South Side Rep. Justin Slaughter (D-27th) who sponsored the bill in the House, said aside from the obvious justice and public safety aspects of the bill, it is also prudent from a fiscal perspective.

During floor debate of the bill in May, he pointed out that government entities have paid the Englewood Four more than $30 million collectively in restitution for the wrongful incarceration.

“Taxpayers have been paying millions and millions of dollars for the cost of these settlements, and then secondly there's the unnecessary costs stemming from incarcerating an individual who's innocent,” Slaughter said Thursday.

Other measures signed

SB 2129: Pritzker also signed a measure allowing a state’s attorney to file a motion to re-sentence a defendant if the original sentence “no longer advances the interests of justice.”

“This bill allows prosecutors to consider factors including prison disciplinary records, proof of rehabilitation, and being a reduced risk to society due to age or health and to ensure that we continue to address mass incarceration and overly punitive sentences,” Pritzker said.

The process does not allow for a reopening of a conviction or for a longer sentence than what was initially given, and victims of the crime will still be afforded rights outlined in the Rights of Crime Victims and Witness Act.

It passed the House on a 61-48 vote and the Senate by a 31-17 vote, each with no Republican support.

SB 64: Another measure aims to encourage restorative justice by making “anything said or done” in the course of a restorative justice practice “privileged,” meaning it cannot be used “in any civil, criminal, juvenile, or administrative proceeding.”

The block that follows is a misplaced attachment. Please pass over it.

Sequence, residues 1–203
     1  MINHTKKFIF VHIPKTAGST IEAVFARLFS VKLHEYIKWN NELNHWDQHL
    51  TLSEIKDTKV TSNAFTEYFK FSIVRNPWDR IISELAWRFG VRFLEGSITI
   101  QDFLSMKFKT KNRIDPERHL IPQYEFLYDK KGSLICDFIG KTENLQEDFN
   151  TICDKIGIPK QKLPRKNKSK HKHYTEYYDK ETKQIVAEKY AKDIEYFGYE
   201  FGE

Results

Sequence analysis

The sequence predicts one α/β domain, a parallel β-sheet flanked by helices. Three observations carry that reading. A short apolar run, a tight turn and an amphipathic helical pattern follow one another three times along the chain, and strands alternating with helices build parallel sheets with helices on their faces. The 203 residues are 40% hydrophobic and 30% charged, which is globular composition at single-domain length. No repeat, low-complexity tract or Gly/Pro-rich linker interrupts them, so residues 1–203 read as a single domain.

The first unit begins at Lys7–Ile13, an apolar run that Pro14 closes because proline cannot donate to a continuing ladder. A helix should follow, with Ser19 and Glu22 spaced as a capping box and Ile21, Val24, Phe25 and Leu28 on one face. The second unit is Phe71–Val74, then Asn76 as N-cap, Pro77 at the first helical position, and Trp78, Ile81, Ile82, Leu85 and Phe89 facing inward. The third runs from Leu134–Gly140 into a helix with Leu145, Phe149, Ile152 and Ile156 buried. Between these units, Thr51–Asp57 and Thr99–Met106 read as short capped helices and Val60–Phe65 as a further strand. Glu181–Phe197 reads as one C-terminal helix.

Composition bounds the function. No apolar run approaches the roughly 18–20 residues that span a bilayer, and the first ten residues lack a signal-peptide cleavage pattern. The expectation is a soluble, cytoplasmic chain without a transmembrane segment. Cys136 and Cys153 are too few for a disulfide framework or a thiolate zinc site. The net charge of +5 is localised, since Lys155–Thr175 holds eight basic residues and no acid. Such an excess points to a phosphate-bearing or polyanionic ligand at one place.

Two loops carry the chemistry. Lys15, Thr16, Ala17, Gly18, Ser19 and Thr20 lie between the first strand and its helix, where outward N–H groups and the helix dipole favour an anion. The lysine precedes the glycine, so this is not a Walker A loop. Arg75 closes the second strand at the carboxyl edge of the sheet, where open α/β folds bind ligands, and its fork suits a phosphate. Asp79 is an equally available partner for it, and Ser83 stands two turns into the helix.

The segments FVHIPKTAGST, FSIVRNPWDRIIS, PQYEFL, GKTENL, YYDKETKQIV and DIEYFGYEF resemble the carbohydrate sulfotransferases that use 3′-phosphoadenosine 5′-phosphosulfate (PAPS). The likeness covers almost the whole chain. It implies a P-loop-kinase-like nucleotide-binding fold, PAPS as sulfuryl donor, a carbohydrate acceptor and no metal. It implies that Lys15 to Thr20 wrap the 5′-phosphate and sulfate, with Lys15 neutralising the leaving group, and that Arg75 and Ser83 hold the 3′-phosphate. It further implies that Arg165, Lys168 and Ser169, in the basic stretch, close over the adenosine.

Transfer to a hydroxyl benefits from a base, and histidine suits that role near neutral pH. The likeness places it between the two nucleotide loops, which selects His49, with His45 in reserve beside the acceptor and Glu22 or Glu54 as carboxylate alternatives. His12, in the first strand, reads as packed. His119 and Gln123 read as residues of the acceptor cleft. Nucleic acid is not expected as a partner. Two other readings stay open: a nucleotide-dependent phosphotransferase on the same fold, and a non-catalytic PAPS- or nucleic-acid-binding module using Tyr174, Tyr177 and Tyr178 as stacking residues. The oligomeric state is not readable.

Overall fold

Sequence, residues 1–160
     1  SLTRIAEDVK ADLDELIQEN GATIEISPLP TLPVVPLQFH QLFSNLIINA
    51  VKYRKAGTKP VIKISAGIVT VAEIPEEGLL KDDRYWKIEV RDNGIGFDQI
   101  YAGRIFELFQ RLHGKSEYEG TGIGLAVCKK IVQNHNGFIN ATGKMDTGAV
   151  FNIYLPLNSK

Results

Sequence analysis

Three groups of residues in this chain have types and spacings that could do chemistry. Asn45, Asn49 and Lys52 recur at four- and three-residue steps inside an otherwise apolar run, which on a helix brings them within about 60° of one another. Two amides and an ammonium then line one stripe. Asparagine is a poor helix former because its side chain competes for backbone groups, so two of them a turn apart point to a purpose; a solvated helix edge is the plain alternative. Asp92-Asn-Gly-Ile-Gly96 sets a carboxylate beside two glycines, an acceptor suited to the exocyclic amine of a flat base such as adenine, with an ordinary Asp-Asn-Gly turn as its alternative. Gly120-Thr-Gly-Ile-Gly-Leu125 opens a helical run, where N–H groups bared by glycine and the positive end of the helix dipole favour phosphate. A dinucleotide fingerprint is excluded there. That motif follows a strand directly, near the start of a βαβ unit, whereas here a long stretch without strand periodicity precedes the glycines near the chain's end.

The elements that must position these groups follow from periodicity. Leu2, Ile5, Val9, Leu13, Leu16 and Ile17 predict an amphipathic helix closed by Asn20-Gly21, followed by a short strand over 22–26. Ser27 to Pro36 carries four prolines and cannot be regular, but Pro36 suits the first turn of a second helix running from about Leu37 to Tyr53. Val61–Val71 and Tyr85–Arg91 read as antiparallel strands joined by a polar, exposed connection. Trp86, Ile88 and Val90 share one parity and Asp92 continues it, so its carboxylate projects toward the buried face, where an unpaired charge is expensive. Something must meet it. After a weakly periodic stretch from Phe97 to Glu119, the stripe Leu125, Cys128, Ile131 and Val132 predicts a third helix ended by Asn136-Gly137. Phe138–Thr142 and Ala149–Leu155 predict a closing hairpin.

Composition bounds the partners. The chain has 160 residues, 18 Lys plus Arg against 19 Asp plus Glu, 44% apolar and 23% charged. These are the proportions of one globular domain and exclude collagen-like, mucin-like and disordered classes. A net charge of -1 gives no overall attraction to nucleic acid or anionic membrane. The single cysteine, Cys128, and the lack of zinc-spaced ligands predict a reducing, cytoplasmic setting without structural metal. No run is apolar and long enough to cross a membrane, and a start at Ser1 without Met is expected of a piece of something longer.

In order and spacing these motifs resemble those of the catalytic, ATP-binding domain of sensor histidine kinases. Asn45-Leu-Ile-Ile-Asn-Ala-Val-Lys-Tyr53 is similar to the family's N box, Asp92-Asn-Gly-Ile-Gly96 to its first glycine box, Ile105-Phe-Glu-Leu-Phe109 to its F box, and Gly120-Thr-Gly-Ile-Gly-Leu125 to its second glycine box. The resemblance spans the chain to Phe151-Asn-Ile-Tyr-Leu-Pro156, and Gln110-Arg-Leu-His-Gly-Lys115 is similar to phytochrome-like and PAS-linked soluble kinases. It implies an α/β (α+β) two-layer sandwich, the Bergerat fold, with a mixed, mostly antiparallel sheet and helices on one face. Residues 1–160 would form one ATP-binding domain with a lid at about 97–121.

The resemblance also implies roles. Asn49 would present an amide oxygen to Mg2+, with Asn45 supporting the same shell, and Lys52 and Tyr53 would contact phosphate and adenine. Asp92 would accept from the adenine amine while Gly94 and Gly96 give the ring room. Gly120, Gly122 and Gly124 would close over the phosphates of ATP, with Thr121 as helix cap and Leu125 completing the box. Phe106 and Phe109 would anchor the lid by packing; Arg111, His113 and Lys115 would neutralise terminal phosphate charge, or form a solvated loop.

Illinois first began using restorative justice courts in 2017. According to the Illinois State Bar Association, restorative justice is meant to bring together the offenders, victims and communities to “address and repair the harm.”

The legislation defines this practice as when “parties who have caused harm or who have been harmed and community stakeholders collectively gather to identify and repair harm to the extent possible, address trauma, reduce the likelihood of further harm, and strengthen community ties.”

That measure passed the Senate 39-17 with only Democratic support and the House 82-32 with bipartisan support.

House Bill 3587: The final bill signed by Pritzker creates a Resentencing Task Force to “study innovative ways to reduce the prison population in Illinois from initiations of re-sentencing motions filed by incarcerated individuals, state's attorneys, the Illinois Department of Corrections and the judicial branch,” according to the legislation.

That measure passed the Senate 51-0 and the House 113-5.

Pritzker coy on qualified immunity reform

One other criminal justice reform proposed by a Hyde Park-Kenwood state legislator — Rep. Curtis J. Tarver II's (D-25th) 

Bad Apples in Law Enforcement Accountability Act, which would end qualified immunity as a legal defense for law enforcement officers in Illinois, stalled in Springfield after passing the House Restorative Justice Committee in March.

By qualified immunity, officers are granted immunity from civil suits for violating statutes or rights in the course of their jobs.

Tarver's HB 1727 would open officers up to liability if they deprive individual rights under the Illinois Constitution or fail to stop officers who are doing so; representatives from the Illinois Fraternal Order of Police and Sheriffs Association spoke against it in committee.

Asked on July 15 whether he supports Tarver's bill or encourages the legislature to pass it, Pritzker referred to "a great deal of discussion" on qualified immunity on the state and federal levels and said it is important to have law enforcement engaged in the debate. He did say it is a discussion that needs to be had, though he noted that it was not part of the criminal justice reform package that ended up passing in Illinois.

Herald staff writer Aaron Gettinger contributed. Capitol News Illinois is a nonprofit, nonpartisan news service covering state government funded primarily by the Illinois Press Foundation and the Robert R. McCormick Foundation.